I'm proud of all of them for different reasons: DREAMING ANASTASIA because it was the first book I ever wrote and also the first book that I sold. HAUNTED because being asked to write it meant that book 1 had done very well. ANASTASIA FOREVER because I am so proud of how I brought Anne and Ethan's story to a fitting and romantic conclusion. And THE SWEET DEAD LIFE (forthcoming next year) because I think everyone is going to love Casey and Jenna as much as I do.
Q: Patty Campbell talks about the germ for a piece of writing being like the sand in the oyster. What is your grain of sand? Do you begin with character or setting or something else?
It varies, more often than not, I start with a character. Because once I know who the story is about - at least in a general sense-- it's easier to figure out where the story needs to do. Mostly it's sort of a combination: This is going to be a story about ______ who______ and then_______. So I guess for me, character and plot are tightly interwoven.
Q: What do you hear from your readers?
They like that Anne doesn't fall for Ethan right away. They love her loyal and funny best friend Tess. They appreciate that my witch, Baba Yaga, has layers and back story and that they find themselves sometimes sympathizing with her. They like that Ethan isn't perfect but that he is devoted to Anne.
Q: Why do you write for Young Adults or Children or Adult (whichever is pertinent)?
The best stories exist in the teen years. Everything is heightened then -- everything feels like life and death. All those wonderful firsts -- from love to loss-- so many of them hit us in those years. The emotional essence of my story telling always takes me to characters who are in that age group.
Possibly it also has to do with the fact that I spent a huge chunk of years teaching high school, so the drama is my norm. Every day someone was breaking up or being broken up with, someone was hurting or deliriously happy or angry at their parents -- often for good reason-- or getting kicked out onto the street or running into the room to show me a new tattoo or nipple piercing. And that's just the surface stuff. The adult world is nowhere near as interesting.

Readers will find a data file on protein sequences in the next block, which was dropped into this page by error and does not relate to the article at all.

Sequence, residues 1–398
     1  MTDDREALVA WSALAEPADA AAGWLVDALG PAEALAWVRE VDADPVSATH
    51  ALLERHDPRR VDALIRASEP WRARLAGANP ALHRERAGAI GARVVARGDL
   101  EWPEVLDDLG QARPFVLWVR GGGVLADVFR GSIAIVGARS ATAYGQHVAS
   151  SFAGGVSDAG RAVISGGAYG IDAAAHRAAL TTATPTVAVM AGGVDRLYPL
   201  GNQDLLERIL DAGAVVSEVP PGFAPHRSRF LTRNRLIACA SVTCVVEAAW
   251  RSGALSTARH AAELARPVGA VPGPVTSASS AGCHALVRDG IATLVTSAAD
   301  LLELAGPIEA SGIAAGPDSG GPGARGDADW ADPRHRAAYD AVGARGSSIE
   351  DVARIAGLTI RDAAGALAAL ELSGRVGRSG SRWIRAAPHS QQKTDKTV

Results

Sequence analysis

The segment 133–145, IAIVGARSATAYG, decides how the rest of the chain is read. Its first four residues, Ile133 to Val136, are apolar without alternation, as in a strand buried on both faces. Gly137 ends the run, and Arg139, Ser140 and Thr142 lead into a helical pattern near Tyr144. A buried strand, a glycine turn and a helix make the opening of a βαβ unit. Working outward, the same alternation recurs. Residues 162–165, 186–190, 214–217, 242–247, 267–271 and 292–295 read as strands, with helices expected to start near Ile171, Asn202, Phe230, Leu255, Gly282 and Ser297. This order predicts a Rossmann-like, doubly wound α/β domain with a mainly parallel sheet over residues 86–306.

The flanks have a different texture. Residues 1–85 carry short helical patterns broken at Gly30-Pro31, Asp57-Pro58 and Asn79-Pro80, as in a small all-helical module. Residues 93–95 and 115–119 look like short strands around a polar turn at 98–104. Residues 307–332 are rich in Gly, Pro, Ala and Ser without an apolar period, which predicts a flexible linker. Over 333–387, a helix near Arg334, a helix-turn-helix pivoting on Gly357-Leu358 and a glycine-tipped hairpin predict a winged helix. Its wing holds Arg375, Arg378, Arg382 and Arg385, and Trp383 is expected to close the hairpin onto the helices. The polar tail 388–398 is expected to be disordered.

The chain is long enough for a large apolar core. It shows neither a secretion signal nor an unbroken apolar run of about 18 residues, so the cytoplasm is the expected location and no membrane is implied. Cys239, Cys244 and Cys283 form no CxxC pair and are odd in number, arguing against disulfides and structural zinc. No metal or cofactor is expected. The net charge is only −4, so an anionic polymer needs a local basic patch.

Q: Who is your favorite character you have written or read about?
We bookworms have so many answers for questions like this that it's hard to pick just one. Recently, though, I've fallen in huge love with DJ Schwenk in Catherine Gilbert Murdock's Dairy Queen. I adore this girl and her voice is so pitch perfect. If anyone hasn't read this book you must promise to do so immediately.
Q: What is one thing you would like your readers to know about you?
I love guacamole and avocados in general. So if you want to get on my good side, some killer guac and chips will do it. Yes, I can be bribed.
Q: In high school, where did you fall? (Prom Queen/King, Gamer Geek, Brainy/Book Nerd, Jock, Shy/Quiet Scholar, Skate Rat, Stoner, Class Clown, etc.)
Quiet/Bookish/Star Trek fan-fiction writing/viola playing in orchestra type who hated following the rules.
Q: Do you have a pet (pets)? Tell us about it (them) and how they help/hinder your writing.
A basset/boxer mix, otherwise known as a 45 pound log of doom. She helps when she sleeps quietly, snoring while I work. She hinders when she leaps up while I'm on deadline and slams her paw through a pane in our leaded glass window because she wanted the squirrel who was walking by. I think that covers it.
Q: What is the hardest part of waiting for a book from the end of your writing to when it is released?
Waiting to see if it will sell through to the stores and waiting to see if it will be reviewed by the 'big' reviewers and what they will say.
Q: How often do you dream about the writing you are working on?
Thanks for your time, Joy. We look forward to seeing you at the Festival!
For more information about Joy, please visit her website.